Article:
Controlled Ventilation

Air leakage can occur in many places throughout a home.

Since an energy-efficient house is tightly sealed, it needs to be ventilated in a controlled manner. Controlled, mechanical ventilation prevents health risks from indoor air pollution, promotes a more comfortable atmosphere, and reduces air moisture infiltration, thus reducing the likelihood of structural damage.

Furnaces, water heaters, clothes dryers, and bathroom and kitchen exhaust fans expel air from the house, making it easier to depressurize an airtight house if all else is ignored. But natural-draft may be back-drafted by exhaust fans, which can lead to a lethal buildup of toxic gases in the house. For this reason, sealed combustion heating appliances, which use only outside air for combustion and vent combustion gases directly to the outdoors, are very important for ventilation energy and .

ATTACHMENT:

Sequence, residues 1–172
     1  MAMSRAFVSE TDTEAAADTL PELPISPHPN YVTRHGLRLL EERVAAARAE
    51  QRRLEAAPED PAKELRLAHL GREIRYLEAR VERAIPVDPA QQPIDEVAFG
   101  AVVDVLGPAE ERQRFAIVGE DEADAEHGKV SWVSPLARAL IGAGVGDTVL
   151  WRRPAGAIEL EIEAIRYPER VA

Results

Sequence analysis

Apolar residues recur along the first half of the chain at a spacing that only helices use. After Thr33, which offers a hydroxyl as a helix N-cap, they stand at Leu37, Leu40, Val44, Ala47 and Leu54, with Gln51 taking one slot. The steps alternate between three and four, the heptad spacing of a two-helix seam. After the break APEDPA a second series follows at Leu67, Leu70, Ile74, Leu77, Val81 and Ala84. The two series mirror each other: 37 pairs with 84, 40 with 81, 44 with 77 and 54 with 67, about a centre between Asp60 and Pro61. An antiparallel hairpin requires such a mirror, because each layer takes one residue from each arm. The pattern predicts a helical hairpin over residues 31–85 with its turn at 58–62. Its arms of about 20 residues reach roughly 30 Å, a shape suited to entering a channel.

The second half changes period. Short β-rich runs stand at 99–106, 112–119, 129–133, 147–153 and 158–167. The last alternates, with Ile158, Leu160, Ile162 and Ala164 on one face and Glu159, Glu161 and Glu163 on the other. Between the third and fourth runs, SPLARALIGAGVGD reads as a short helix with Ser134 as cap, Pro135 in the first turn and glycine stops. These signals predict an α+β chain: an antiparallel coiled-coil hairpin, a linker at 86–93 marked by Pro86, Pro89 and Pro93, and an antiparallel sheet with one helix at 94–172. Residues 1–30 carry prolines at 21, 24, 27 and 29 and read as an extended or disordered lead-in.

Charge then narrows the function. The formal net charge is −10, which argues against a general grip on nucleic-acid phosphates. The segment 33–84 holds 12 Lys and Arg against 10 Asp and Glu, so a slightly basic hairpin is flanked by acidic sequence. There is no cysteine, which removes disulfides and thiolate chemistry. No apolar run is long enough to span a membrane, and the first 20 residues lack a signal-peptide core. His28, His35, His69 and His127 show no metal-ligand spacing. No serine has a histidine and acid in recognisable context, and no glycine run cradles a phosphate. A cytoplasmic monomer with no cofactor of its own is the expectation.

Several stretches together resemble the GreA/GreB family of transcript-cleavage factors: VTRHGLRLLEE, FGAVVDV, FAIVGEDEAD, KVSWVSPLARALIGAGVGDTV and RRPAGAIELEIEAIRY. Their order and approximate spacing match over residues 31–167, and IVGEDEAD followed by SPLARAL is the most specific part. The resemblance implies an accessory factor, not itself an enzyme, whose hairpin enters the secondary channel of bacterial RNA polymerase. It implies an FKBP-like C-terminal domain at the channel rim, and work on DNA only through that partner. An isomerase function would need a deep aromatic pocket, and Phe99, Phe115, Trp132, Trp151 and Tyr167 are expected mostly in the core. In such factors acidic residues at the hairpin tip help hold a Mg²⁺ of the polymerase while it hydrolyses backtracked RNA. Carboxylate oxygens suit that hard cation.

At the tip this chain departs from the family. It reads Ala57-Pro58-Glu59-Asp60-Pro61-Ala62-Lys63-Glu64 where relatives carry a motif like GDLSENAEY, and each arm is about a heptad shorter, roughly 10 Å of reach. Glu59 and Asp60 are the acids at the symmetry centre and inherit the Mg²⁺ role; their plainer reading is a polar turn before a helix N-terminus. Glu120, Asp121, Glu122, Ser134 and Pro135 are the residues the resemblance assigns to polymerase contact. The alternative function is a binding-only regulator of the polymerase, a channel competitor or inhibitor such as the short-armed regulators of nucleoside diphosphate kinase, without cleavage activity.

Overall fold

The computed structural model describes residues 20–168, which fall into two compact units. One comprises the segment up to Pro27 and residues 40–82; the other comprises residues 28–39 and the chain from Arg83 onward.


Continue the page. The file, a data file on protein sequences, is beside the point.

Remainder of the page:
Heat recovery ventilators (HRV) or energy recovery ventilators (ERV) are growing in use for controlled ventilation in airtight homes. These ventilators can salvage about 70 percent of the energy from the stale exhaust air and transfer that energy to the fresh air entering by way of a heat exchanger inside the device. They can be attached to the central forced air system or may have their own duct system.

Other ventilation devices, such as through-the-wall or “trickle” vents, may be used in conjunction with an exhaust fan. They are, however, more expensive to operate and possibly more uncomfortable to use because they have no energy recovery features to precondition the incoming air. Uncomfortable incoming air can be a serious problem in northern and can create moisture problems in humid climates. Therefore, this ventilation strategy is only for arid climates. Other systems pull outside air in with a small outside duct on the return side of the furnace.

Heat recovery ventilation